Citation: Gomes A, Moura G, Santos M. 2012. The Genetic Code of the CTG Clade, p 45-55. In Calderone R, Clancy C (ed), and Candidiasis, Second Edition. ASM Press, Washington, DC. doi: 10.1128/9781555817176.ch4
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Image of FIGURE 5
FIGURE 5

General consequences of CUG ambiguity. Mistranslation results in formation of either mutant proteins that can still fold (A) or misfolded and unfolded proteins which impose a burden on cell physiology and proteome homeostasis (B). doi:10.1128/9781555817176.ch4.f5

Citation: Gomes A, Moura G, Santos M. 2012. The Genetic Code of the CTG Clade, p 45-55. In Calderone R, Clancy C (ed), and Candidiasis, Second Edition. ASM Press, Washington, DC. doi: 10.1128/9781555817176.ch4
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Image of FIGURE 6
FIGURE 6

Distribution of CUG codons in genes. (A) In one-third of the genes do not have CUG codons. The majority (57.7%) contain between 1 and 5 CUG codons, and 7.1% have between 6 and 10. Only a small fraction of genes have more than 10 CUG codons. (B) Such CUG distribution and its ambiguous decoding expand the proteome exponentially. The total theoretical number of combinatorial proteins encoded by the genome is 283 billion ( ). doi:10.1128/9781555817176.ch4.f6

Citation: Gomes A, Moura G, Santos M. 2012. The Genetic Code of the CTG Clade, p 45-55. In Calderone R, Clancy C (ed), and Candidiasis, Second Edition. ASM Press, Washington, DC. doi: 10.1128/9781555817176.ch4
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Image of FIGURE 7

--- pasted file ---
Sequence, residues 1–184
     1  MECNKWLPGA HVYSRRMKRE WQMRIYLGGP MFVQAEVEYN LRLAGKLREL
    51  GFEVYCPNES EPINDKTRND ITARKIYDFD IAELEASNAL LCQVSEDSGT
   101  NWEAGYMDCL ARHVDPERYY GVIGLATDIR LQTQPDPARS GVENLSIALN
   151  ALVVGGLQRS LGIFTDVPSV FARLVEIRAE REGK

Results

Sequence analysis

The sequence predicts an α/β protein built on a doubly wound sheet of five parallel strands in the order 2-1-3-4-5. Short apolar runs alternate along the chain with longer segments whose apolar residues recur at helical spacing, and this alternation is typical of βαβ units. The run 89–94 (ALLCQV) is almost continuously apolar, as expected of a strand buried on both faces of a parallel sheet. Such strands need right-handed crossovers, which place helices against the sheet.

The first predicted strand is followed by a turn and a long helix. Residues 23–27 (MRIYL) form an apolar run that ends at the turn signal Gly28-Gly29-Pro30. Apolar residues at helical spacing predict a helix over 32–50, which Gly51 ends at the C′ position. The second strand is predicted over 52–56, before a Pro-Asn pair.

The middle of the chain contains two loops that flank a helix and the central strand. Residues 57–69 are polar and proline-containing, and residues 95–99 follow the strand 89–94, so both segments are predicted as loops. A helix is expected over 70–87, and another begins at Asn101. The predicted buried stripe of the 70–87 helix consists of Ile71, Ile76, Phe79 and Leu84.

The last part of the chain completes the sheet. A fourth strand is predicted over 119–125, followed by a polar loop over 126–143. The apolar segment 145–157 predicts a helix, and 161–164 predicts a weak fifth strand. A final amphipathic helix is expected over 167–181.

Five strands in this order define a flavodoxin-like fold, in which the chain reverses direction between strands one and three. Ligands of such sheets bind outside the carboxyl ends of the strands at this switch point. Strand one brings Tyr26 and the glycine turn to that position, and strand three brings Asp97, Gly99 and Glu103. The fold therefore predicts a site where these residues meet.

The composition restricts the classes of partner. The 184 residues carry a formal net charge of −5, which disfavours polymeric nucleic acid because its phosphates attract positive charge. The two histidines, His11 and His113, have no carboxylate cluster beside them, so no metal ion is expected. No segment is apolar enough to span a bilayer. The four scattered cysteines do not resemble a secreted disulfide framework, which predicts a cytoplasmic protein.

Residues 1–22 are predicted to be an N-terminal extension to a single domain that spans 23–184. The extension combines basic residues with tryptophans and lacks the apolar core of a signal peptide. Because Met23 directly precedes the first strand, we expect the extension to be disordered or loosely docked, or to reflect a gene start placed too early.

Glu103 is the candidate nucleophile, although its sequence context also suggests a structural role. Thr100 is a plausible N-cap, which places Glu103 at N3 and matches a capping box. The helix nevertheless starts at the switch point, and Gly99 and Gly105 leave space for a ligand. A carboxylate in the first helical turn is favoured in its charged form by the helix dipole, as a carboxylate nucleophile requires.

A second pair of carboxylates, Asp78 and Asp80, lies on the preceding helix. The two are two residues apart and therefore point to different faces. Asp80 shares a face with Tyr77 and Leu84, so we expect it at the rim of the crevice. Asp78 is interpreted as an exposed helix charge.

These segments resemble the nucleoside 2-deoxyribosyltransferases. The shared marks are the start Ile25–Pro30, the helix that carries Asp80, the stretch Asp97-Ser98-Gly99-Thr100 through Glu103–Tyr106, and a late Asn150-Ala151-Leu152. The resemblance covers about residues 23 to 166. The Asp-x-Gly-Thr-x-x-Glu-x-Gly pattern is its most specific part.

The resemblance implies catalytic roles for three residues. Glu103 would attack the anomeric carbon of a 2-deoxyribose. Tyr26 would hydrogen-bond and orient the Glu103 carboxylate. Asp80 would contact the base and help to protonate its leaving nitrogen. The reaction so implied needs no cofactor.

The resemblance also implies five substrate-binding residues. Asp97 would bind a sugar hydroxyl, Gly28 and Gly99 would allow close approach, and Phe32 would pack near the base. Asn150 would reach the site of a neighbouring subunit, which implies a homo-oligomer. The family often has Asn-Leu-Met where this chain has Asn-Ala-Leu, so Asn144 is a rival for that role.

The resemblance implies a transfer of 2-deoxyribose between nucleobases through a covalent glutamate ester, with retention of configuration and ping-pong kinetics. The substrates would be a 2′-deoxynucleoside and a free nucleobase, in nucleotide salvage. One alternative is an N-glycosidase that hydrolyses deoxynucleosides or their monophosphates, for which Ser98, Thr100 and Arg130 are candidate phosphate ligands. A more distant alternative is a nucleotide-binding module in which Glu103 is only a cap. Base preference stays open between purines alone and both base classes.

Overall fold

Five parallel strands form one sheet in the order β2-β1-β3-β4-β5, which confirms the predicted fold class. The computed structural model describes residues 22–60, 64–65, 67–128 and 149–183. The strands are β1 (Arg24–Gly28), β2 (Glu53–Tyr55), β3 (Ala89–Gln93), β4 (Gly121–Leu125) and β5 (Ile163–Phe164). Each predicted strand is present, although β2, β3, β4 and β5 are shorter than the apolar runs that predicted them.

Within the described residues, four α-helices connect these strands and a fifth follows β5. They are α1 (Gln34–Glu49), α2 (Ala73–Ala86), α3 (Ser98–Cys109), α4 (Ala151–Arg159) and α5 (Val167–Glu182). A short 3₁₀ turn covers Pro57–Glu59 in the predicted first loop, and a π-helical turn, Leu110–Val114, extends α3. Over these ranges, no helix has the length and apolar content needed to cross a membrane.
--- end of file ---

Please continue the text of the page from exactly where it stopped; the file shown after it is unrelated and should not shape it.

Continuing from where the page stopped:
FIGURE 7

Production of combinatorial proteins in . (A) The diagram shows the combinatorial proteins encoded by a gene containing three CUG codons. (B) The probability of synthesis of the protein isoforms depends on the level of leucine incorporation: 3% at 30°C, 5% at pH 4.0, and 28% in recombinant cells. doi:10.1128/9781555817176.ch4.f7

Citation: Gomes A, Moura G, Santos M. 2012. The Genetic Code of the CTG Clade, p 45-55. In Calderone R, Clancy C (ed), and Candidiasis, Second Edition. ASM Press, Washington, DC. doi: 10.1128/9781555817176.ch4
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Image of FIGURE 8
FIGURE 8

CUG usage variation according to gene expression level. Shown is the distribution of CUG codons per gene according to their CAI ranking order in (A) and (B). In , CUG codons are strongly repressed in the 10% of genes with highest CAI values. A similar repression trend is observed in , but that codon repression is weaker than in . genes with lower expression levels accumulate higher numbers of CUG codons. doi:10.1128/9781555817176.ch4.f8

Citation: Gomes A, Moura G, Santos M. 2012. The Genetic Code of the CTG Clade, p 45-55. In Calderone R, Clancy C (ed), and Candidiasis, Second Edition. ASM Press, Washington, DC. doi: 10.1128/9781555817176.ch4
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Image of FIGURE 9
FIGURE 9

Codon usage in . The CUG is a rare codon in (0.43%). It is the least used of the seen serine codons. The total codon count was obtained from genome assembly 19 using ANACONDA ( ). doi:10.1128/9781555817176.ch4.f9

Citation: Gomes A, Moura G, Santos M. 2012. The Genetic Code of the CTG Clade, p 45-55. In Calderone R, Clancy C (ed), and Candidiasis, Second Edition. ASM Press, Washington, DC. doi: 10.1128/9781555817176.ch4
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Tables

Generic image for table
TABLE 1

GO terms of genes with highest SCU

Citation: Gomes A, Moura G, Santos M. 2012. The Genetic Code of the CTG Clade, p 45-55. In Calderone R, Clancy C (ed), and Candidiasis, Second Edition. ASM Press, Washington, DC. doi: 10.1128/9781555817176.ch4
Generic image for table
TABLE 2

GO terms of genes with lowest SCU

Citation: Gomes A, Moura G, Santos M. 2012. The Genetic Code of the CTG Clade, p 45-55. In Calderone R, Clancy C (ed), and Candidiasis, Second Edition. ASM Press, Washington, DC. doi: 10.1128/9781555817176.ch4